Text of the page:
(c) The third “for” argument has been put to me by an economist in the following terms: “The potential for NMD to trigger an arms race is actually one of the strongest arguments in its favor. Communism in the USSR broke down largely as a result of the expense of an arms race with the US. If China tries to up the ante on NMD it risks the same fate.”

(d) The forth argument, which is an “argument against the argument against”, seems to
be along the lines of “So what if Russia objects, it is so weak it will be able to do nothing”.

(3)..............The Case Against

In presenting the case against the NMD, I want to first address these four “for” arguments before moving on to other matters.

(a) Fear of an Arms Race is “Cold War logic”

In my view, the essential problem with the proposed NMD system is that it threatens to lead to another international arms race which will eventually move further into space. This will work to heighten the eventual nuclear threat to Australia.

While this arms race will essentially be about nuclear missiles, it will encompass all types of “weapons of mass destruction” (WMD).

Colin Rubenstein, Executive Director of the Australia/Israel & Jewish Affairs Council, has written that “much of the opposition, including some adverse comment in Australia, seems to be trapped in the Cold War logic of the 1972 Anti-Ballistic Missile Treaty. At that time it was argued – not unreasonably – that missile defense systems might encourage leaders in Moscow or Washington to miscalculate that a nuclear war with the other superpower was winnable or panic out of fear that the other side could launch a successful first strike.”

US Defense Secretary Rumsfeld likewise dismisses fears of an arms race as “Cold War thinking”.

My counter to this argument is that arms races are not only “Cold war logic”. It is a universal logic based on historical experience. History shows that arms races can lead to fatalism that conflict is inevitable – and so help bring it about.

World War 1 was essentially caused by mutual fear, which both caused and was nourished by an arms race. The assassination of Archduke Ferdinand at Sarajevo in June, 1914, was only a spark – an excuse for those who wanted to fight what they saw as the inevitable war.

In pre-WWI Europe, Germany regarded war with an increasingly powerful Russia as inevitable. This was probably the driving factor in the actual implementation of the Schlieffen Plan in August 1914—which saw Germany march through Belgium to defeat France before taking on Russia. The reason for fighting France was that Germany feared any war with Russia would inevitably lead France to seek revenge for Bismark’s victory in 1871— so, if Germany had to fight Russia, it also had to fight France.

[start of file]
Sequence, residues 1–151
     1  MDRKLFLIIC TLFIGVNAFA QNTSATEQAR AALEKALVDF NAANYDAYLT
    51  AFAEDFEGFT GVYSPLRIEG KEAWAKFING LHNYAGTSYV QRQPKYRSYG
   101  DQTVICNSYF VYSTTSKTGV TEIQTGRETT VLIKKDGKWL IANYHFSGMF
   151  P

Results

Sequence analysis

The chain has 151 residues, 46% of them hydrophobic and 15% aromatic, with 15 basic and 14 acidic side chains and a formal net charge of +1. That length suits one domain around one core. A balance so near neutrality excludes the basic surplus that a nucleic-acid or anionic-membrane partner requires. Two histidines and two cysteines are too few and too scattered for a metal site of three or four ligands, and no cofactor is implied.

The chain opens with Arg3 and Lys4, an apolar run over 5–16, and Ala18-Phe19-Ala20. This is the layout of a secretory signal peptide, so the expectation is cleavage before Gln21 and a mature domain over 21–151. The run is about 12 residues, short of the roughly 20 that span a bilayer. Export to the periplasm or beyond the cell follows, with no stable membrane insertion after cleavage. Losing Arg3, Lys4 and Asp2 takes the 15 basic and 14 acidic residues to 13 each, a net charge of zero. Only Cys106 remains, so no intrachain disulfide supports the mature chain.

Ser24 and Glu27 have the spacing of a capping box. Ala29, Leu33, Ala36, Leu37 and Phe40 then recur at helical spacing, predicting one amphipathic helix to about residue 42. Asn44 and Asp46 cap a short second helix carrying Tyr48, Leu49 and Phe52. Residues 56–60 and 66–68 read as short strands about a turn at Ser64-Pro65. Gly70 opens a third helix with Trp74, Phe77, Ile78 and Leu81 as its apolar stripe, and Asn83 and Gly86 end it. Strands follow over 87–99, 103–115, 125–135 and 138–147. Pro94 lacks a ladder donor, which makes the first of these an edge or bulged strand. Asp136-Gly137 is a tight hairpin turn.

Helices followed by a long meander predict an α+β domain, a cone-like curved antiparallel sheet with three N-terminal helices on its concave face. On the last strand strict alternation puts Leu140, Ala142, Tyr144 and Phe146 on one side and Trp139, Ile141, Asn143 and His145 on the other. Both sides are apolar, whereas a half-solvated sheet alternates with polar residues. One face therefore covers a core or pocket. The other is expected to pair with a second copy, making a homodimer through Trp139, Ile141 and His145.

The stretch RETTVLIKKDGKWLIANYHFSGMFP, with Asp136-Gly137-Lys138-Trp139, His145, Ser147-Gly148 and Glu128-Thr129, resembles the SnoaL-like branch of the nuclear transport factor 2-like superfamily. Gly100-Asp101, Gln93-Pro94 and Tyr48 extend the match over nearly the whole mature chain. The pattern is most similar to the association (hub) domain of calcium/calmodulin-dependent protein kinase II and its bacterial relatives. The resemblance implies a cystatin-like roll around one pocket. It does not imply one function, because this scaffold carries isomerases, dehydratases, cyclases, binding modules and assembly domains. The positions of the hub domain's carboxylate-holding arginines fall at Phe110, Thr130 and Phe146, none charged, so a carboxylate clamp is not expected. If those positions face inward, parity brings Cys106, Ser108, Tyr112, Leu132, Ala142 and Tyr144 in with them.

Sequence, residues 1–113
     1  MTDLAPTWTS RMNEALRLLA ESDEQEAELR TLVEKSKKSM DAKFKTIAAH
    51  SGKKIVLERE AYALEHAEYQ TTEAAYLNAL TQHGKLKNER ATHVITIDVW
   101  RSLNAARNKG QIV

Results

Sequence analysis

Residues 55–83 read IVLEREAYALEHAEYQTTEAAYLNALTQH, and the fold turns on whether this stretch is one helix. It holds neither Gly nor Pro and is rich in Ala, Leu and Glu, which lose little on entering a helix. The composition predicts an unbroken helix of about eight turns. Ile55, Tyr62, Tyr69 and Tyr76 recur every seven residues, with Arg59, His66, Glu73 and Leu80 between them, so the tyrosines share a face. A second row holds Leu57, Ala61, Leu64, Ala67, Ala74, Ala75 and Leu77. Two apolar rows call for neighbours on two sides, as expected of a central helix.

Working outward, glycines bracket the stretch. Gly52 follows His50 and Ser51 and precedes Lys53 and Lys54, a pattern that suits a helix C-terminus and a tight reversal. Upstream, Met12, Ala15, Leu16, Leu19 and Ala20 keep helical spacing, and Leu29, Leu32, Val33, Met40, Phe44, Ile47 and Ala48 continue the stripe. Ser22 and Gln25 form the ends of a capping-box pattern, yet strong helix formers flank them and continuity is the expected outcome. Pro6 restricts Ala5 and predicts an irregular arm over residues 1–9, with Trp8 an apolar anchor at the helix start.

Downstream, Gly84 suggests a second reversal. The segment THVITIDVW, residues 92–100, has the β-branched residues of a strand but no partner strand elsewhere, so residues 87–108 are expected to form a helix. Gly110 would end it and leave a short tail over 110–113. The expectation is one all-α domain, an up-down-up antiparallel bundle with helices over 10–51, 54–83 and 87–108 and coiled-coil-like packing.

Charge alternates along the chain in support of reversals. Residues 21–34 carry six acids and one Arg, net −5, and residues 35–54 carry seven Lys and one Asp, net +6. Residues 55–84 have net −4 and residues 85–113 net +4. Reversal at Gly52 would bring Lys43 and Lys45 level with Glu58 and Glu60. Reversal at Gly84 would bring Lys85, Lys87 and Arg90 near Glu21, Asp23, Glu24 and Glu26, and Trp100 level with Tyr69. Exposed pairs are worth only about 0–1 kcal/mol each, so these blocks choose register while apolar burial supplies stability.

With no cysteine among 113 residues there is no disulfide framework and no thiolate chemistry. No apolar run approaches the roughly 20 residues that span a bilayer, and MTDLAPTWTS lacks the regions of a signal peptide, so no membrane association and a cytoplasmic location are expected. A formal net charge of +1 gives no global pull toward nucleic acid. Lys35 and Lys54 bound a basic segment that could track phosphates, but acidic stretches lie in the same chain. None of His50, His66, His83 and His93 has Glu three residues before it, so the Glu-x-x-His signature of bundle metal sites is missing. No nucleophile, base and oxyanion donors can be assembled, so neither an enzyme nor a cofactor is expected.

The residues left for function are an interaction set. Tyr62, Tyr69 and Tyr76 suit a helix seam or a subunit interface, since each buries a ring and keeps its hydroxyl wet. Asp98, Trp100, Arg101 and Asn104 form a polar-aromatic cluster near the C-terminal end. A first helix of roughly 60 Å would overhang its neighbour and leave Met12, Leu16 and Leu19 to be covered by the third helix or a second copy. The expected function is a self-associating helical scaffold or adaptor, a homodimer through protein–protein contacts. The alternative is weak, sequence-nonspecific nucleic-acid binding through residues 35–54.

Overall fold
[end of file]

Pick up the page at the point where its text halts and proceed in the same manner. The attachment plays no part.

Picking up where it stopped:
Britain could have stayed out of WW1, but chose to fight because it feared both German domination of Europe and growing German naval power. Not surprisingly, this German naval build up had helped drive Britain closer to France and Russia – and this in turn intensified German fears of a war on two fronts with Britain backing France.

The German naval build-up from 1900 had, in turn, been partly driven by Britain’s own naval dominance. In 1889 Britain had formally announced that it was keeping its navy at a scale that should at least be equal to the naval strength of any two other countries. While Britain thought this policy was justified by its small homeland army and the need to protect its colonies and trade routes, many in Germany saw it as aimed at containing Germany.

Ironically, but not surprisingly, British policy during the drawing up and enforcement of the Treaty of Versailles was to be concerned to not weaken Germany too much lest France come to dominate Europe.

The pre-WW1 arms race was not the first in history, but does nicely illustrate the point that countries have interests, and that big countries have big interests – and that they will ultimately act to defend them. Moreover, it is not only government officials who think in these terms. Large parts of public opinion often do as well.

Thus, it is important when considering the possible impact of the NMD that we do not only look at it from the US perspective, but also from the perspective of others. Russia, China, India and others will feel that they also have “great power” interests. It does not matter whether policy makers in the US (or Australia) disagree with these views—the fact is that they will be there.

Unfortunately, the “interests” mean that the NMD proposals will indirectly lead to an acceleration in missile building in China, India and Pakistan.